Once the agency places a person on this “disorders list” it then moves to assign a representative payee.  But, that is a flawed process too.
 
The former Social Security Administration Inspector General said the following last year in testimony about assigning a representative payee:
 
“It’s not a scientific decision, it’s more of a personal opinion.”
 
The “personal opinion” of a bureaucrat CANNOT be the basis for taking away a person’s Second Amendment rights.
 
Further, a June 2015 internal Social Security report found significant shortcomings in the representative payee process, namely that:
 
“The Social Security Administration’s capability determinations were undeveloped, undocumented, or insufficiently documented.”
 
How can any of us be comfortable allowing our fellow citizens to be subjected to such a process?
 
The regulation DOES NOT require a formal hearing at any point. Federal law and other regulation require that a formal hearing takes place. 18 U.S.C. 922(d)(4) requires an “adjudication” before depriving someone of the right to own a firearm due to mental illness. 
 
There can be no “adjudication” if there is no hearing.
 
And a 1996 ATF Federal Register Notice says:
 
“The legislative history of the Gun Control Act makes it clear that a formal adjudication…is necessary before firearms disabilities are incurred.”
 
The Obama Administration knew that fundamental rights required constitutional due process. At the bare minimum, that requires a hearing. Yet in this rule, no hearing is afforded.
 
This is not only a travesty, but a travesty on the constitution as well. 
 
Constitutional due process is entirely non-existent because there is NO opportunity for an individual to challenge the proceeding against them.
 
The American Civil Liberties Union has echoed the same concerns:
 
“The rule includes no meaningful due process protections prior to the Social Security Administration’s transmittal of names to the National Instant Criminal Background Check System database.”
 
The Second Amendment is being tossed aside without a formal dispute process to challenge the action before a constitutional right is abridged.
 
On these facts alone, the regulation should be repealed. But, there’s more.
 
The regulation fails to establish that a person is a danger to themselves or others before taking away the constitutional rights that the Second Amendment allows.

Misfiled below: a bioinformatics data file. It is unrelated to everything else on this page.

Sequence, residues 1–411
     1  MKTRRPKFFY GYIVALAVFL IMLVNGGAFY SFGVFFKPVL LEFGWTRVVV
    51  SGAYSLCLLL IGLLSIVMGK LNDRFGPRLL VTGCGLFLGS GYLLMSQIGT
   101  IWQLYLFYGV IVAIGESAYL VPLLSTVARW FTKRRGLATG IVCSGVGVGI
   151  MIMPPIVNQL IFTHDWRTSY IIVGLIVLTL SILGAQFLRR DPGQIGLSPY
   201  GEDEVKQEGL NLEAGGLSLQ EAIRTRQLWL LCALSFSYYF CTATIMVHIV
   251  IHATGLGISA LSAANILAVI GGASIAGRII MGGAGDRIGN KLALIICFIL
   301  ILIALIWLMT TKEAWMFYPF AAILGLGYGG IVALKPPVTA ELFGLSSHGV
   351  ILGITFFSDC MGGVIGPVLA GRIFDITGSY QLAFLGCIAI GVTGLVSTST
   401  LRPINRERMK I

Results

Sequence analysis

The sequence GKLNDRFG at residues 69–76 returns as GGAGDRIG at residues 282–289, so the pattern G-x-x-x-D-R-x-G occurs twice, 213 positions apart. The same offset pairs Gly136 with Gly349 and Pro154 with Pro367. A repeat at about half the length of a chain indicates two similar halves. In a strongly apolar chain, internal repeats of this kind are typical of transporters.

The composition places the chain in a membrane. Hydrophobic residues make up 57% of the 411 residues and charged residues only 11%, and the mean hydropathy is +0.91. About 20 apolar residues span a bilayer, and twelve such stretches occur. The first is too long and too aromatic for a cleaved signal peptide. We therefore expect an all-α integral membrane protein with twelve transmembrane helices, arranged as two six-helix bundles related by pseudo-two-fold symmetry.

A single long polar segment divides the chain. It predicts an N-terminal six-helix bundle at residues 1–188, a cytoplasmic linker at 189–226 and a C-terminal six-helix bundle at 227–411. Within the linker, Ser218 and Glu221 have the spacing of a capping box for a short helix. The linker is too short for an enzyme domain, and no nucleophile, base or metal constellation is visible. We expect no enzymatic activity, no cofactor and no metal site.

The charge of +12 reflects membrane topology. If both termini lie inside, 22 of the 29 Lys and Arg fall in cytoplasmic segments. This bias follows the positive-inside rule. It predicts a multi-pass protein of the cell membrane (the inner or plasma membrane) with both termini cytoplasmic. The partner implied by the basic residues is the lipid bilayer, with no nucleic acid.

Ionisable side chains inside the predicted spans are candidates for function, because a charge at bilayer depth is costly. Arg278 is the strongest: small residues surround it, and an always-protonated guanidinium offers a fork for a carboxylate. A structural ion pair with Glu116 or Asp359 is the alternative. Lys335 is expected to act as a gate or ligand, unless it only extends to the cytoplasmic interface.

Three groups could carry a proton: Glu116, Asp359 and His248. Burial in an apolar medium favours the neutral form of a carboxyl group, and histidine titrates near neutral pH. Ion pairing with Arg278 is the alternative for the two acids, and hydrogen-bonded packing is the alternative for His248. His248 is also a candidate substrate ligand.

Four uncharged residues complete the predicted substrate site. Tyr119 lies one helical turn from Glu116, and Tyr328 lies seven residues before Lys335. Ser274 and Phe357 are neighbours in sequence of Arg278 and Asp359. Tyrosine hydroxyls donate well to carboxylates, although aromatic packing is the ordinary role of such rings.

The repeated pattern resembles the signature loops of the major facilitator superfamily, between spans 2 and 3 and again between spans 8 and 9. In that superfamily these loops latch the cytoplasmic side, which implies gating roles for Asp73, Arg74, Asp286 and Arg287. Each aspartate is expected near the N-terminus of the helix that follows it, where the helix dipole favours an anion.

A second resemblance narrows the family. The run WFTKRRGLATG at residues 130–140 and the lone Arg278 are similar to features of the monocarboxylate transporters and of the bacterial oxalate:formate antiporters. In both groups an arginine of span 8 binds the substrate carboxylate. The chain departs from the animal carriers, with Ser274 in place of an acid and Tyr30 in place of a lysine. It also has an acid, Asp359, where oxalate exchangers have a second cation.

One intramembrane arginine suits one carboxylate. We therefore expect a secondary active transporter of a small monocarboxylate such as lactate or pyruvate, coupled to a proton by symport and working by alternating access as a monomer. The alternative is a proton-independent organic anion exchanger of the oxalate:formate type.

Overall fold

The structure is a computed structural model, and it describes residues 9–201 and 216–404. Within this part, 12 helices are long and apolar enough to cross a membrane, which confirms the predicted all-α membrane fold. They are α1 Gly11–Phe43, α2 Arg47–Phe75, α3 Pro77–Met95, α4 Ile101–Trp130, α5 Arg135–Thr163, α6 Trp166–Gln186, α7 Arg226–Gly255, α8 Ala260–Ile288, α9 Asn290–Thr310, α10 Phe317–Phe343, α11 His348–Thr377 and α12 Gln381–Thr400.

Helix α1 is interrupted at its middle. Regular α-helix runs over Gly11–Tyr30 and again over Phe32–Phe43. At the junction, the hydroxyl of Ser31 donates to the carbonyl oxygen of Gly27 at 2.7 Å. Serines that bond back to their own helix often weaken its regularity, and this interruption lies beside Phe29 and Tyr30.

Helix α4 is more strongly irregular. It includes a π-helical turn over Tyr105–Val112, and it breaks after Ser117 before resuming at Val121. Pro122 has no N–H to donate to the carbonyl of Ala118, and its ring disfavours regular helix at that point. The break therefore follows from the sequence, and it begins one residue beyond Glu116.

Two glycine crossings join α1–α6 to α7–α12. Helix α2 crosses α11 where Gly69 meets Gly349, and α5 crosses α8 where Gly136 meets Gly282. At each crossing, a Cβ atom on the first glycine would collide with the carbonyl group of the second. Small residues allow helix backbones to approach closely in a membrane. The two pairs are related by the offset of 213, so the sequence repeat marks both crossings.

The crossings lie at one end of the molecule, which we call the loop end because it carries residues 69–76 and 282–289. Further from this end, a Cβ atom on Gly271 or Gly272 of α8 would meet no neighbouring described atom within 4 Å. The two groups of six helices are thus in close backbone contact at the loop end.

If a rule premised on safety is to have any credibility, one would think that the government would need to prove a person is dangerous.  But, this rule fails in that regard because it does not require the agency to find a person is dangerous.
 
The Second Amendment, as a fundamental right, requires the government to carry the burden to show a person has a dangerous mental illness. This regulation obviously and simply does not achieve that.
 
To be clear, however, if this regulation is repealed, federal gun prohibitions will still exist. Individuals who have been determined to be a danger to themselves or others will still be prohibited from purchasing firearms. Individuals who are found to have a dangerous mental illness will be prohibited from purchasing firearms. A person convicted of a felony or a misdemeanor crime of domestic violence will be prohibited. The same for those involuntarily committed to a mental institution.
 
Mr. President, as government expands, liberty contracts. And it follows that with the expansion of government, power is centralized in Washington, DC rather than the American people. And often with that centralization of power, fairness does not necessarily follow. 
 
This Obama-era regulation is the perfect example of government wielding too much power. The process I have described here is extremely problematic, and it calls for doing away with this rule by passing this resolution of disapproval.
 
It is not clear that any of these disorders a person is labeled with has anything to do with a person’s ability to responsibly own a firearm. And there is insufficient due process to ensure that a person actually has a given disorder that would interfere with their safe use of a firearm.
 
Notably, even if a representative payee has been assigned, the individual still maintains the capacity to contract. Thus, the government is subject to a very low threshold to report names to the gun list and no burden of proof. By contrast, under this regulation, those who are reported to the list must prove a negative. They must prove that the government is wrong.  They must prove that they are not a danger in order to get their name off the gun ban list.
 
For the government to shift the burden to the citizens whose rights it is depriving is clearly unfair. It’s unconstitutional.
 
The failure to determine a person mentally ill or a danger to self or others is a material defect to this regulation. And so is the failure to afford any due process. There is no reasonable basis under this regulation to justify abridging a fundamental constitutional right.
 
And that is why this regulation must be repealed, through the passage of this resolution of disapproval.
 
I yield the floor.